Traverse City Tourism Corporation has just released the 2014 edition of its popular magazine and visitor’s guide, Traverse City.
The free publication features 107 pages of articles, colorful photos and useful information designed to bring this picturesque Lake Michigan vacation region to the attention of a wider national audience.
Traverse City has long been treasured by Michigan residents for its matchless scenery, colorful history, imaginative cuisine and laid-back friendliness, as well as the low humidity, warm sunshine and cool coastal breezes that make its summers so comfortable. Still, until recently it has remained relatively unknown outside the state.
“Traverse City is a wonderful destination, but historically we haven’t done a really good job of sharing it with the rest of the world,” says Traverse City Tourism president Brad Van Dommelen. “The most common thing we hear from first-time visitors is, ‘I had no idea there was anything like this in this part of the country!’ Now, at last, we’re doing what we can to spread the word.”
The word is certainly getting out. This past year, Travel & Leisure Magazine named Traverse City one of America's favorite Towns, while Fodor's called it one of America's 10 Best Small Towns, and Family Fun magazine listed it as one of America's Top 10 Tourist Towns.
More of a coffee-table magazine than a tourist guide, Traverse City avoids promotional clutter in favor of clean layouts, large color photos and informative articles. The 2014 edition, for example, features a guide to the region’s award-winning wine varieties, some pointers on finding the most secluded spots at the Sleeping Bear Dunes National Lakeshore and a primer on the “idiot-proof” winter sport of snowtubing.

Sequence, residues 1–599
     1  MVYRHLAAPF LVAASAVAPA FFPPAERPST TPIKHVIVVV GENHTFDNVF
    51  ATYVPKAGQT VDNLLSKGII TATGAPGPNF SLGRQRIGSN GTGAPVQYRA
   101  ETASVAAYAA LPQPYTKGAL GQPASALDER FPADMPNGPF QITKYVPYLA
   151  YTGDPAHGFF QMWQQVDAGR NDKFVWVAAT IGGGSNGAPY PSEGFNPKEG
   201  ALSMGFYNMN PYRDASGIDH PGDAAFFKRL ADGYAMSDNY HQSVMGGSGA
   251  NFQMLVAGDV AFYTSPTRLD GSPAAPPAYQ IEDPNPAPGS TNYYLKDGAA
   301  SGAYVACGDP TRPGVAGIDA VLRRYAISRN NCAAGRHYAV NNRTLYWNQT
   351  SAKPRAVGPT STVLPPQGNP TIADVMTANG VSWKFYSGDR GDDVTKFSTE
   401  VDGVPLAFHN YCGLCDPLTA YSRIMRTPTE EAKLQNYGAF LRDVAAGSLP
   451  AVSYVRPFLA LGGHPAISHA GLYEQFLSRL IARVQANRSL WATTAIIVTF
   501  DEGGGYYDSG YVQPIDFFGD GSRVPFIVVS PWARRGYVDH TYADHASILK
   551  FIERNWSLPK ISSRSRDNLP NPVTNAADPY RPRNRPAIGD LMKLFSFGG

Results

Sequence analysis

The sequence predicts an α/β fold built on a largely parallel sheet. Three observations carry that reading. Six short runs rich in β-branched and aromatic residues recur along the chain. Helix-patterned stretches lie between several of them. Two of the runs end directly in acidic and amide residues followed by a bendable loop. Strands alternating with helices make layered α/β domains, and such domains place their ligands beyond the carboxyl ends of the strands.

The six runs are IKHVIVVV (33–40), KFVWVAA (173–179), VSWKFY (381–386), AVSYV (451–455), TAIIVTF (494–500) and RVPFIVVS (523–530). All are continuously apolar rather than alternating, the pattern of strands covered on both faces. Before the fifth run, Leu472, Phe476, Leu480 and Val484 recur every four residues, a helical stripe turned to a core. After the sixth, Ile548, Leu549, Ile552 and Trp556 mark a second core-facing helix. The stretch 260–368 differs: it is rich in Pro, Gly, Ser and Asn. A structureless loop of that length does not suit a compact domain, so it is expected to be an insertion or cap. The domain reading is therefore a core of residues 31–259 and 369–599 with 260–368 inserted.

Naturally, the magazine also contains a great deal of practical information to help visitors plan their vacations, including detailed schedules of activities and events, a helpful lodging section describing the area’s best hotels and resorts, a guide to some of the region’s best restaurants and a section called “Traverse City Regions” that describes the area’s diverse neighborhoods, enclaves and communities.
The entire magazine can be viewed online by visiting the TCT website at www.TraverseCity.com. (The site also has a handy online order form that viewers can use to order a free copy of the real thing.)